Compliance follows a prank call that goes too far, involving Susan (Ann Dowd), who is the manager of a fast-food restaurant and Becky (Dreama Walker), one of her young employees. The prank caller pretends to be an officer investigating a theft that might involve Becky, but also hints at a possible bigger bust involving her brother as well. As the prank goes on, the situation gets more out of hand until its tragic consequences. Now, it may sound like a simple premise, but the film turned out to be one of the most uncomfortable watches I've had recently. 

The film successfully establishes Susan as a meek, insecure woman which makes the caller's manipulations more believable. Dowd's performance is nothing short of great, but she's not the only one. Pat Healy is disturbingly good as the caller. His cold, carefree performance makes it all the more unnerving and creepy; and Bill Camp, who plays Susan's fiancee, is equally great. Finally, kudos to Dreama Walker for another great performance in such a tough role. She held her own and managed to make Becky's descent into a scared, confused, and vulnerable victim a believable one.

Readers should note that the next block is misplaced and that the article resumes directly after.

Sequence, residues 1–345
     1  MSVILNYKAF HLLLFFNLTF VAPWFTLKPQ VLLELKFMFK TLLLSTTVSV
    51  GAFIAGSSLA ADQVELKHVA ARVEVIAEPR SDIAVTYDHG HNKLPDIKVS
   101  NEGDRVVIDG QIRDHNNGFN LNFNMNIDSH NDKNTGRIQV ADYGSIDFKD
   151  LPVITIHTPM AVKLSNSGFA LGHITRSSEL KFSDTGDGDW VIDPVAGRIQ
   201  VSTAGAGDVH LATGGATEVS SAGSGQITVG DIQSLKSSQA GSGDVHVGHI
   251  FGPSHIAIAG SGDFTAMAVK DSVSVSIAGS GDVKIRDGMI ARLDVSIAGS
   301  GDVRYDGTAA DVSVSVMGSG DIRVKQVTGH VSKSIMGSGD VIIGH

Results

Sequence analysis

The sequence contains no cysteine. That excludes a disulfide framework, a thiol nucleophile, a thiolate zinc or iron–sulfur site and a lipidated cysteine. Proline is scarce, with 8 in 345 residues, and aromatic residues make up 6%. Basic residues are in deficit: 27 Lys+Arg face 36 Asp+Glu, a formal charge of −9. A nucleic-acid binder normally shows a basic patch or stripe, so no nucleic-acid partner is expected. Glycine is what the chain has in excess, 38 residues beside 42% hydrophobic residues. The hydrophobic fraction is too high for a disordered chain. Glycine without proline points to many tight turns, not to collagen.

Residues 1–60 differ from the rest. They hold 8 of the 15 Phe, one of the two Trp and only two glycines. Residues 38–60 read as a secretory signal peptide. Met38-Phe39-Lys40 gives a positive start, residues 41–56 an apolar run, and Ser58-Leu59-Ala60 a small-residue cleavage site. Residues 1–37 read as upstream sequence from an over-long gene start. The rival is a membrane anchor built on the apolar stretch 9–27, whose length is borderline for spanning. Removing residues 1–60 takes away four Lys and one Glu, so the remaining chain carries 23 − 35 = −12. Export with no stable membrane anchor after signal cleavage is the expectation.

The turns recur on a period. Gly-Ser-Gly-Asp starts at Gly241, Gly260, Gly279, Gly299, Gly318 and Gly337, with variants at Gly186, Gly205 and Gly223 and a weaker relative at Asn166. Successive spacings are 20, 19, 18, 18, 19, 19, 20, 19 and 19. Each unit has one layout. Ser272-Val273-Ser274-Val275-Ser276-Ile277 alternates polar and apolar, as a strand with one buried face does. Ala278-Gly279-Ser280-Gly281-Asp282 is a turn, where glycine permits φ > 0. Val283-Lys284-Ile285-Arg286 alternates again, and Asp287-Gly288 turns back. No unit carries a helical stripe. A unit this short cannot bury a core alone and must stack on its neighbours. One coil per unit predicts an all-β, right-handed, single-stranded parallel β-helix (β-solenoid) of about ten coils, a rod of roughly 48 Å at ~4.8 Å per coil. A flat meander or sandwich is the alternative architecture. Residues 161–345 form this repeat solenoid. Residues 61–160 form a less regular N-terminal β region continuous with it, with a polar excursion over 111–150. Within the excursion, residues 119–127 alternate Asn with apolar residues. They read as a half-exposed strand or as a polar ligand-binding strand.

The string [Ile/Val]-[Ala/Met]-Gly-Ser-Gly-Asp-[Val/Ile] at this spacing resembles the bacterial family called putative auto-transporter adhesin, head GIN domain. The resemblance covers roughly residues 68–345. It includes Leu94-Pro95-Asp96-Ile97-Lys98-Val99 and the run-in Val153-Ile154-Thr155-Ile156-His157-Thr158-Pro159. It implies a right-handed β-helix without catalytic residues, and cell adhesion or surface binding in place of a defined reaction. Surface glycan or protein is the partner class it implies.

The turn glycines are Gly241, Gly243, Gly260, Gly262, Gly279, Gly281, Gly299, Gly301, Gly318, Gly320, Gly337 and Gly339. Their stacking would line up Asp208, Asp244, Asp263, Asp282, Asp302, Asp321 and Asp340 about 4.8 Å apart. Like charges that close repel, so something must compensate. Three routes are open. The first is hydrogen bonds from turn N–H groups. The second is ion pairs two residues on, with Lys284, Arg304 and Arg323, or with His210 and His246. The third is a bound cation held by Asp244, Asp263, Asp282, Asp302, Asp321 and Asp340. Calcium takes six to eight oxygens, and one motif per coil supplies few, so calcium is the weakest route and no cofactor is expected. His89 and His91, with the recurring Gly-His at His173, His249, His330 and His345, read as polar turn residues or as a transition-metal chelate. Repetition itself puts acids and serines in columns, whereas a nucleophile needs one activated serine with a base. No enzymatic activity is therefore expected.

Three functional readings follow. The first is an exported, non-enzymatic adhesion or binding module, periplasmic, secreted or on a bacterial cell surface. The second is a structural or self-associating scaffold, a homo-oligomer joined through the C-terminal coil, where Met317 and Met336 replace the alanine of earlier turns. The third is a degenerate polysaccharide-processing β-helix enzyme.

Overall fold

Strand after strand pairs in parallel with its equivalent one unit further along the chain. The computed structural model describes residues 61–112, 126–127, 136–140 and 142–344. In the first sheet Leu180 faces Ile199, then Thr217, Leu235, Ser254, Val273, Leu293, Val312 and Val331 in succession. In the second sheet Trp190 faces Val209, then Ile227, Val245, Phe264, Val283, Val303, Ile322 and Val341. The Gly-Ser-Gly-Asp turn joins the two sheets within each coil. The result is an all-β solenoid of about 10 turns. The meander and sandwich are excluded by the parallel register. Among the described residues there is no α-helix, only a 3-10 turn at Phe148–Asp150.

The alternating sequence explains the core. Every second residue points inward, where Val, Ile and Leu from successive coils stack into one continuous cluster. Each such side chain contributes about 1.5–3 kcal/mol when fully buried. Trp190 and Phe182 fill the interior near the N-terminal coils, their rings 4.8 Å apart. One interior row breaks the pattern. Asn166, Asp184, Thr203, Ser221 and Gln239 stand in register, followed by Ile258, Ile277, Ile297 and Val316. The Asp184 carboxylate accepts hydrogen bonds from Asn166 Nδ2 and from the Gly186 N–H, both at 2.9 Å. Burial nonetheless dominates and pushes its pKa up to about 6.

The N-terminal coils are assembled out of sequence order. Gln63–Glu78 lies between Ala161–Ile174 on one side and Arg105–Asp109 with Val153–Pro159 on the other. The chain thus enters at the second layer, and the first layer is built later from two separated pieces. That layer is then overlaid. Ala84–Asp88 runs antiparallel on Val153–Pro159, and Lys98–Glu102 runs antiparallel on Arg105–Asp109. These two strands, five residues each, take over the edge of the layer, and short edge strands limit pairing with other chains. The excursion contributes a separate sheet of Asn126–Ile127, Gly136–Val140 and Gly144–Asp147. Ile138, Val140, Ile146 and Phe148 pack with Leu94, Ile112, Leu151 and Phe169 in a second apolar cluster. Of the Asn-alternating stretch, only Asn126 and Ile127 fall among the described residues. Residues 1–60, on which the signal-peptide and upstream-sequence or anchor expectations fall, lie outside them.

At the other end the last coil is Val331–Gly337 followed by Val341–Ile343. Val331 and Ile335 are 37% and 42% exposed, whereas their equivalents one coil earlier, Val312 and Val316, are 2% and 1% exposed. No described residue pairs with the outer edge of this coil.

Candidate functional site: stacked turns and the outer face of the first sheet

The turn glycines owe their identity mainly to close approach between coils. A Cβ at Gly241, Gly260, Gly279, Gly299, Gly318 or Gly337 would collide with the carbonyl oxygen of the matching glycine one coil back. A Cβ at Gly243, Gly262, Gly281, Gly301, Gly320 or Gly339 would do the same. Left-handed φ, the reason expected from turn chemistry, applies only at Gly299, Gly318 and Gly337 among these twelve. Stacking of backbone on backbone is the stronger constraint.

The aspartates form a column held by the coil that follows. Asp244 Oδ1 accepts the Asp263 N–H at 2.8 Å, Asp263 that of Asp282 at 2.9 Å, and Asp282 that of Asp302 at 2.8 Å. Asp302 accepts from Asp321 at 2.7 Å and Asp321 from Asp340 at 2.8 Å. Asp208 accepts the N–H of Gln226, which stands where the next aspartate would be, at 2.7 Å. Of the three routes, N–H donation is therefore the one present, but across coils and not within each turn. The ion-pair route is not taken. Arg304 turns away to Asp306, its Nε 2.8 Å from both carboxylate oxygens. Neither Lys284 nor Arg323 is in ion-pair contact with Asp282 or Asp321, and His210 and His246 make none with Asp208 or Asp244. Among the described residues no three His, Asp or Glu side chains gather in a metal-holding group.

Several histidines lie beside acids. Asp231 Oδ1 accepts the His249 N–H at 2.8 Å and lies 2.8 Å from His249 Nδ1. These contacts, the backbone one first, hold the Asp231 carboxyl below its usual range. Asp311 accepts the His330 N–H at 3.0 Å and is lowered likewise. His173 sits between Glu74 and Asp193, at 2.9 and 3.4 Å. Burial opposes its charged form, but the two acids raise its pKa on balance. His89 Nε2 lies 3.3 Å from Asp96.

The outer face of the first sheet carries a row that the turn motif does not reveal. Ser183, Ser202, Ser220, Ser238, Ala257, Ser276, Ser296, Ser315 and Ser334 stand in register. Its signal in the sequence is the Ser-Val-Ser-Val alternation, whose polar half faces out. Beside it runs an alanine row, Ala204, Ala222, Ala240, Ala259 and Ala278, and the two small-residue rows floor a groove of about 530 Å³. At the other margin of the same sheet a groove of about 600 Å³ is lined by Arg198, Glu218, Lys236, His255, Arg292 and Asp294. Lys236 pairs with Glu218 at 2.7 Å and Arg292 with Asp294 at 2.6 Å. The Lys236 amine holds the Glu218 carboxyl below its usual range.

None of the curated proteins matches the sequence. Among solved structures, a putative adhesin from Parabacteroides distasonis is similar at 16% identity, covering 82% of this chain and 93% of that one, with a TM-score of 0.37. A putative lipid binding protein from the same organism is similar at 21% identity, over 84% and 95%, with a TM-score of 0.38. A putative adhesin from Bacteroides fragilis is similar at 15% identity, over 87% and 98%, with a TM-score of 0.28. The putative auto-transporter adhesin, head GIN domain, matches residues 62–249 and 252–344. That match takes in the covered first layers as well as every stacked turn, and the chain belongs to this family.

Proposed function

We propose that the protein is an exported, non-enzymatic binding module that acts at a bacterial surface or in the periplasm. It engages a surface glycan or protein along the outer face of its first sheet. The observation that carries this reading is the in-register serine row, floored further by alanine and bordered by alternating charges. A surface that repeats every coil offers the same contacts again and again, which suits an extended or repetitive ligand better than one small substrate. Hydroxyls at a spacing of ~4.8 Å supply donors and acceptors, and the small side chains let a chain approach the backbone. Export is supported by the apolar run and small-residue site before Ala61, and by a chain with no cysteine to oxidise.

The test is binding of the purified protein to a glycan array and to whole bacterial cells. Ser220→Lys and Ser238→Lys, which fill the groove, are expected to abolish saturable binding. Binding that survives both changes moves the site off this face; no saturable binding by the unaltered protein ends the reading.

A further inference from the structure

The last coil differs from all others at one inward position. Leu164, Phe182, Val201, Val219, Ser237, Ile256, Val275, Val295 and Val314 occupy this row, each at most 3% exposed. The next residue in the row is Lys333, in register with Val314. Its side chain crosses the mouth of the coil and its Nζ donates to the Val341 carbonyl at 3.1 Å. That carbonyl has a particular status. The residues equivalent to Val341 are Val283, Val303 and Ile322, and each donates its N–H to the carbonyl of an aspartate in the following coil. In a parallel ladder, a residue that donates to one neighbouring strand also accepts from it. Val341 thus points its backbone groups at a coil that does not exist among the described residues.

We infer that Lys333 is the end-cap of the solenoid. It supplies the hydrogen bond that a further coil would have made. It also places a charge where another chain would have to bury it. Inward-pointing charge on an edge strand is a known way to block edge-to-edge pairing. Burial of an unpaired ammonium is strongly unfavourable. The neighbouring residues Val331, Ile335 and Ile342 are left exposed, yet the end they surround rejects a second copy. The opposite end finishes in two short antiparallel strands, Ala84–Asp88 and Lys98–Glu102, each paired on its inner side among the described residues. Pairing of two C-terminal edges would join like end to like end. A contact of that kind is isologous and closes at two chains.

As the film reached its climax, it begins to push the boundaries of plausibility. But after reading the events it was inspired on and realizing it all happened almost as it was seen on the film, it puts things in perspective and only makes it harder to stomach. As I told my wife in the end, reality is scarier than fiction. One starts to wonder "What would I have done if I were in that situation" and, the way things are presented in the film, one can understand why things went as far as they did. Most people are condemning the manager for allowing this to happen, but as they say, hindsight is 20/20.

Overall, a really good film with great performances all-around, but one I don't see myself rewatching anytime soon. Grade: A-

(All pictures belong to Magnolia Pictures and its affiliates)